Metadata is fundamental for integrated workflows. As we rapidly move away from physical media, digital media has become less tangible. Quite simply if you can’t hold it in your hand, you’ll need metadata. Apart from physical media on, say, camera cards, once the content has entered the workflow, using metadata is the only way to move, manipulate and process media. With more workflows migrating to the cloud, the importance of metadata becomes fundamental and actually as important as the essence itself. The Broadcast Bridge asks key vendors about the types of metadata their product’s capture and how metadata use might evolve. Here Jeff Herzog, Product Manager, Flow asset management and video products, provides EditShare’s view.
The Broadcast Bridge: What is your perspective on the importance of metadata? How do you see its value changing?
Jeff Herzog: I think users are still hanging on to old methods of categorising, tracking, and locating material such as filename or folder hierarchy on disk, but as metadata volume and complexity proliferates and as workflows get more complex, this is getting harder and harder for customers to maintain. It is becoming all the more important for users to embrace a metadata centric workflow as the old ways of working become less and less practical.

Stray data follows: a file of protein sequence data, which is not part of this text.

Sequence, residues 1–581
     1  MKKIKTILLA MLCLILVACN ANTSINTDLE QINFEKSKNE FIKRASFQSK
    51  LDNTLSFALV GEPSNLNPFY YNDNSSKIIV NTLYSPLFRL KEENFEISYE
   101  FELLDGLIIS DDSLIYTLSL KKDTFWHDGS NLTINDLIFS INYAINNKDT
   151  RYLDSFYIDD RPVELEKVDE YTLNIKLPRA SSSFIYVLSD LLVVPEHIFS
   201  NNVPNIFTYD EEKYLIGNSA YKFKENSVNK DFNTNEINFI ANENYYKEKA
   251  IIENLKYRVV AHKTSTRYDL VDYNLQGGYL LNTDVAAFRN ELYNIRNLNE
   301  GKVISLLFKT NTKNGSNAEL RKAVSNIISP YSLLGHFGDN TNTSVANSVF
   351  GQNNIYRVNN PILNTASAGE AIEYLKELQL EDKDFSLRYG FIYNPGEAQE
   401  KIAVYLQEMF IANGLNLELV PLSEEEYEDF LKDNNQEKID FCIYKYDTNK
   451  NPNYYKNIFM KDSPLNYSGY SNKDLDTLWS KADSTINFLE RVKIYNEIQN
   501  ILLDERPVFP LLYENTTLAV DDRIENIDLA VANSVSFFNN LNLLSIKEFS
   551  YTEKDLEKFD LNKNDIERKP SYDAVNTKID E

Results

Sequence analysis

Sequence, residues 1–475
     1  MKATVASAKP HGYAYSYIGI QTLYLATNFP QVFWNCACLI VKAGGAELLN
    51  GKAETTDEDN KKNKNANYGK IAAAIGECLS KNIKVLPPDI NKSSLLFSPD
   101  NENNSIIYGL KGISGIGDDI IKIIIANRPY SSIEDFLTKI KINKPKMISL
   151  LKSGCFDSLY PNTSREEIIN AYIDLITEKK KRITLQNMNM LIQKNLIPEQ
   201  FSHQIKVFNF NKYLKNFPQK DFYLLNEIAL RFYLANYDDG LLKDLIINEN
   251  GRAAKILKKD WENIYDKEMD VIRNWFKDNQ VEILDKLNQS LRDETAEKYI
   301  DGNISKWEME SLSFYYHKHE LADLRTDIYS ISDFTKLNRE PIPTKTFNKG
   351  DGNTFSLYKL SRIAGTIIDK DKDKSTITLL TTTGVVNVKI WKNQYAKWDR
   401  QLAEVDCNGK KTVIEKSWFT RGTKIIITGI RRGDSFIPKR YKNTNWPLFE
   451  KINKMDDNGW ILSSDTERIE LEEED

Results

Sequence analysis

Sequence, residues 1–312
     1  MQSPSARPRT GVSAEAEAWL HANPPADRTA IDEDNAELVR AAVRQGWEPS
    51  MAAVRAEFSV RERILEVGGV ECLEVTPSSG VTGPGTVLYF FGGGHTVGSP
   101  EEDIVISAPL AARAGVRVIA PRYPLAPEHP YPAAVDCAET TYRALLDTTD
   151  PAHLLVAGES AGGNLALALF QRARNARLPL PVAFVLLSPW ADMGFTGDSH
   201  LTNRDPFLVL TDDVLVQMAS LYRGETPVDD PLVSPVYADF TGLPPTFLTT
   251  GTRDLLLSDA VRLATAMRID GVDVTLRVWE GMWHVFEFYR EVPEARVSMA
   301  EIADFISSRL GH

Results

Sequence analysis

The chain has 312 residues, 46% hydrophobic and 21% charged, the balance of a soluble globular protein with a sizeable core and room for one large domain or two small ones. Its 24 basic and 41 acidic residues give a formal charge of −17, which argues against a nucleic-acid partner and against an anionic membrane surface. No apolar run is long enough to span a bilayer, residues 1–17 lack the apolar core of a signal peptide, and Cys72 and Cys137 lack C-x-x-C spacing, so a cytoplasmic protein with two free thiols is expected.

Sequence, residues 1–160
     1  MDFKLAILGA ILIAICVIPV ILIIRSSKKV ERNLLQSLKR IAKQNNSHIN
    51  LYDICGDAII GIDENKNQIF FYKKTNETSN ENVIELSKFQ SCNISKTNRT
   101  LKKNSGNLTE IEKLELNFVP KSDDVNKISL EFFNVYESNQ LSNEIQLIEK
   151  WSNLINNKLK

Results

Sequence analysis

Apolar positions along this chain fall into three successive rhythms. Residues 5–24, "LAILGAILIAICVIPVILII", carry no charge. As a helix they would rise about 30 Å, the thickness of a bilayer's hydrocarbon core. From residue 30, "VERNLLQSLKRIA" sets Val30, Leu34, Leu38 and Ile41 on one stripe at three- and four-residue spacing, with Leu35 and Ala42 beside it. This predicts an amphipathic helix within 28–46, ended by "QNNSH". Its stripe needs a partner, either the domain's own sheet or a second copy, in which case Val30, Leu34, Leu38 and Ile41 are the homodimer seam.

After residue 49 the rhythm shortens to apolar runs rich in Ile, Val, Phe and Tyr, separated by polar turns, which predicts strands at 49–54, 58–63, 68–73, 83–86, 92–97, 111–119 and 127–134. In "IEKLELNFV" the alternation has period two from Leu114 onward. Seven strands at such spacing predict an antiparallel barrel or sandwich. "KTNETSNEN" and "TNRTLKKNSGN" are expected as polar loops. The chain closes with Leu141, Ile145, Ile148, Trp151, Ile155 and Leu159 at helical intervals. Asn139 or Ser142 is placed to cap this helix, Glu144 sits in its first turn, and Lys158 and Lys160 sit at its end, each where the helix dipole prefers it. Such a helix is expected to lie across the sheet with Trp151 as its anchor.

The Broadcast Bridge: What types of metadata does your product capture?
Jeff Herzog: The two main types of metadata in our Flow production asset management system are asset-level metadata which refer to an entire media file (e.g. master clip metadata) and log level/subclip metadata, which refers to a particular section of a clip (i.e. subclip). Metadata fields can be of course normal entered text, pick lists, timecodes, dates, booleans (true/false), as well as some special purpose log list metadata fields called groups and categories, which are used in our Flow Logger application to do point-and-click logging in reality or sports productions of contestants, players, activities, etc. Extensive metadata can also originate from tapeless ingest or other 3rd party systems and is preserved throughout Flow workflows.
The Broadcast Bridge: Is there an example of how metadata is incorporated into a typical workflow using your product?
Jeff Herzog: There are many different ways of incorporating metadata creation and ingest into Editshare Flow workflows. One of the most popular methods for Flow recently is to utilize our XML sidecar metadata scanning feature, which allows users to scan any type of valid XML file for fields they wish to ingest with incoming media, and map those to specific custom or built-in Flow metadata fields. This gives users the flexibility to quickly and easily link 3rd party tools into the Flow metadata ecosystem in a universally understood communication mechanism through standard sidecar XML files.
The Broadcast Bridge: How might metadata be used in the future as a business or editorial driver?
Jeff Herzog: Increasingly, customers will see that good editorial metadata doesn’t just magically create itself— that the data you find is only as valuable as the time you put in to entering it on the front end. They will see that an investment in metadata input pays dividends in the editorial process as well as to future monetization possibilities for content.
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